Broad Is The Way : 2005-04-05Note: I have friends who are Roman Catholic. I am not anti-Catholic or opposed to them, but I must insist on adherence to Biblical teaching before I can accept the teaching of any church or person.
It didn't take long for accolades for the late Pope John Paul II to appear in evangelical publications. Theologian Thomas Oden was interviewed by Stan Guthrie for Christianity Today
in an article titled Pope 'Broadened the Way' for Evangelicals and Catholics
The pope broadened the way. Interesting phrase. Matthew 7:13 mentioned something quite similar:
Enter ye in at the strait gate: for wide is the gate, and broad is the way, that leadeth to destruction, and many there be which go in thereat: (KJV)
I really don't think that the project we call Evangelicals and Catholics Together could have occurred without Pope John Paul II. There were before Pope John Paul many great Catholic ecumenists who were part of making that way, but he broadened the way so that many of us could go in it.
That's rather scary for those of us who believe in justification by faith alone and the imputed righteousness of Jesus Christ (in a nutshell, our works count for nothing in salvation; only being clothed in Christ's righteousness gets us into heaven). Why would evangelicals want to go into a way broadened by a pope who identified Mary as coredemptrix with Christ? The Vox Populi Mariae Mediatrici
web site promotes the Fifth Marian dogma, attempting to crown "our Immaculate Mother and Queen" with the titles Coredemptrix, Mediatrix, and Advocate:
And at the foot of the cross of our Saviour (Jn.19:26), Mary's intense sufferings, united with those of her Son, as Pope John Paul II tells us, were, "also a contribution to the Redemption of us all" (Salvifici Doloris, n.25). Because of this intimate sharing in the redemption accomplished by the Lord, the Mother of the Redeemer is uniquely and rightly referred to by Pope John Paul II and the Church as the "Coredemptrix."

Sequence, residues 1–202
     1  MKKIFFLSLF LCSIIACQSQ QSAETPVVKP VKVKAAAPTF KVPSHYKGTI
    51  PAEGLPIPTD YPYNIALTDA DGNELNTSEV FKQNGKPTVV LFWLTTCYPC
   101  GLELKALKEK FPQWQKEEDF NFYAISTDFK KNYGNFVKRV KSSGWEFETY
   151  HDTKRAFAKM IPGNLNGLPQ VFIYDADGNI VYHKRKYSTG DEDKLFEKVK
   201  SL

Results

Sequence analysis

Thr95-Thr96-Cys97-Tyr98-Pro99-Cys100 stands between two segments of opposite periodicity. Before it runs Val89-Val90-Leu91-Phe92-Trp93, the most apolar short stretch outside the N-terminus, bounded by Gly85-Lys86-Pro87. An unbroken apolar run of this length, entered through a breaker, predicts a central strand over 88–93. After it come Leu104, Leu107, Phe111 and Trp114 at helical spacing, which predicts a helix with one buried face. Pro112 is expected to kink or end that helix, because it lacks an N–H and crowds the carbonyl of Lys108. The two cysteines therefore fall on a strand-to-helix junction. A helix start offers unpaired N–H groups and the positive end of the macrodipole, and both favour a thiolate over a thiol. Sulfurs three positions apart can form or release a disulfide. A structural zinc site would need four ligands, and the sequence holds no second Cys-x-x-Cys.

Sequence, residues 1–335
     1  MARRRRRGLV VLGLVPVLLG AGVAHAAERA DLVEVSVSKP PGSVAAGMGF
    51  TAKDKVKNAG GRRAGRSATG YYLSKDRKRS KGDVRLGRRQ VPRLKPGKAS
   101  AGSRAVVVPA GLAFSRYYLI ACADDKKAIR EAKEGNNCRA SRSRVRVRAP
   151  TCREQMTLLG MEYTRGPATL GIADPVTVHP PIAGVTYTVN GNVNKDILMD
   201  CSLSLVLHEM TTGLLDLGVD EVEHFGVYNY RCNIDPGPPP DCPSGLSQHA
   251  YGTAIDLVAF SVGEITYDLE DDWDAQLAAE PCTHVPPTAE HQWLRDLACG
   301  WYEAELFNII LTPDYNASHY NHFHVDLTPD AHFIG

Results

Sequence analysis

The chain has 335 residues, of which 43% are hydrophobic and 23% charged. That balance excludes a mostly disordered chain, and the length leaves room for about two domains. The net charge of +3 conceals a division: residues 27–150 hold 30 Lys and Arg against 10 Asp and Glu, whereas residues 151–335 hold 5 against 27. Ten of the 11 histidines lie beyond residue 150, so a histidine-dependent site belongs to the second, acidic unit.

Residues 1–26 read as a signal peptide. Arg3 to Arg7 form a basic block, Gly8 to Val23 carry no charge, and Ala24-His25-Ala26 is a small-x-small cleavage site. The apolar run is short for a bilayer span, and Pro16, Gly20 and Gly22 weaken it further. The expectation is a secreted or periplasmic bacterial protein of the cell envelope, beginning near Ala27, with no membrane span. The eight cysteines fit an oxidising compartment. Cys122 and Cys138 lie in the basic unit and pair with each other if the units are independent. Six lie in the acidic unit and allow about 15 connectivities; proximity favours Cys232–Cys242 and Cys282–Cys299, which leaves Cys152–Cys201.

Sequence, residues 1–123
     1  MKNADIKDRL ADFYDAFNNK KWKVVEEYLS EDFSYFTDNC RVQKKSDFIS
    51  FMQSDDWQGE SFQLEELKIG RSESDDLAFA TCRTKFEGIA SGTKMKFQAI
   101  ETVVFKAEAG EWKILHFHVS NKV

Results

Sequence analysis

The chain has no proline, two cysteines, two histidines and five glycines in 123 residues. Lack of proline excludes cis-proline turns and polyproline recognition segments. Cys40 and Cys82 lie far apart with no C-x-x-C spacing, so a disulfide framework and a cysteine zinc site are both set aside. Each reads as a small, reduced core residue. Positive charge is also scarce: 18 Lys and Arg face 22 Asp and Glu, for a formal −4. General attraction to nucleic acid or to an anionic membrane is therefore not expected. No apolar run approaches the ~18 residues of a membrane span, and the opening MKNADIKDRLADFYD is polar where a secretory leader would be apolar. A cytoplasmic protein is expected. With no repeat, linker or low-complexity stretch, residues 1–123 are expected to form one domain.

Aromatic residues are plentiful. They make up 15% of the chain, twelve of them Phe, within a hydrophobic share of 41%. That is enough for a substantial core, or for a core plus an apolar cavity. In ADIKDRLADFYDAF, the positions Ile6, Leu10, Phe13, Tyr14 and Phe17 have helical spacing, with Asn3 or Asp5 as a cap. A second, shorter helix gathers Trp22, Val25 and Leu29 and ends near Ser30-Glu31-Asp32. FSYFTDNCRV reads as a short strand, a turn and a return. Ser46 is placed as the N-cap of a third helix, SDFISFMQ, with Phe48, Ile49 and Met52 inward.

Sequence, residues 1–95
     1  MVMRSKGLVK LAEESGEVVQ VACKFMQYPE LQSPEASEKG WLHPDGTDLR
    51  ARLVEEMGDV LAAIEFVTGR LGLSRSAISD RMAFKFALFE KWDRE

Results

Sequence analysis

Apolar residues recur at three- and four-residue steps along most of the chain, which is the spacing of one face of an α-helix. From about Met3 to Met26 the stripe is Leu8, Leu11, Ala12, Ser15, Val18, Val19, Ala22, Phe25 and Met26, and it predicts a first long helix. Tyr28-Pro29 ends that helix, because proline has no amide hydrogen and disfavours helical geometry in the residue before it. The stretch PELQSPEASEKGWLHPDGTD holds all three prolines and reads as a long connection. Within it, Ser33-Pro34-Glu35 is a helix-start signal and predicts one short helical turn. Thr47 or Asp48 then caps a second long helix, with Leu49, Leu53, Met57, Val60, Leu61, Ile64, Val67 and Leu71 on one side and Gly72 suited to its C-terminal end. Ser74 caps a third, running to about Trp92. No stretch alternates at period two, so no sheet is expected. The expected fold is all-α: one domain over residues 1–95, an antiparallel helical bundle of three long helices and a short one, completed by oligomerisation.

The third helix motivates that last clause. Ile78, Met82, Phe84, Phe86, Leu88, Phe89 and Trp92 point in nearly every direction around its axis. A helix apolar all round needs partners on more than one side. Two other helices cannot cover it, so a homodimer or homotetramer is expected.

True evangelicals should see this as a tragic slur on the completed and solitary work of Christ, yet Oden gushes to an embarrassing degree:
John Paul II will be John Paul the Great. He will be one of the great popes in history. He probably will be among the five or ten greatest [pontiffs], because he's had such an impact on world history, world Christianity, and world evangelization.
...the Holy Spirit has worked powerfully in John Paul II in a way that is almost unprecedented in the last century
Certainly he was a great man by human standards who had a great impact, but what was his true impact on world Christianity and evangelization? Dare we judge his teachings by the Bible? Is his gospel that of Paul's, or another gospel? Where exactly did Paul promote Marian veneration? That a so-called "Protestant" theologian could see a Roman Catholic pontiff in that light is troubling, but it gets more extreme. If Martin Luther knew what "Lutheran" theologian Uwe Siemon-Netto was claiming, he'd be apoplectic. In an article titled, He Was My Pope, Too
, Siemon-Netto laments,
Now that John Paul II is gone, I am even more of an orphan than the Christians in the Roman church.
I am sure I am reflecting the views of many Protestants. Who else but John Paul II gave voice to my faith and my values in 130 countries? Who else posited personal holiness and theological clarity against postmodern self-deception and egotism? Who else preached the gospel as tirelessly as this man?
In Europe some time ago, a debate occurred in Protestant churches: Should John Paul II be considered the world's spokesman for all of Christianity? This was an absurd question. Of course he spoke for all believers. Who else had such global appeal and credibility, even to non-Christians and non-believers?
Global appeal and credibility among non-Christians carries more weight than theological correctness. Surely God is sparing Martin Luther the knowledge that Lutheran theologians are praising the pope more than many Roman Catholics who were troubled by his conservatism.
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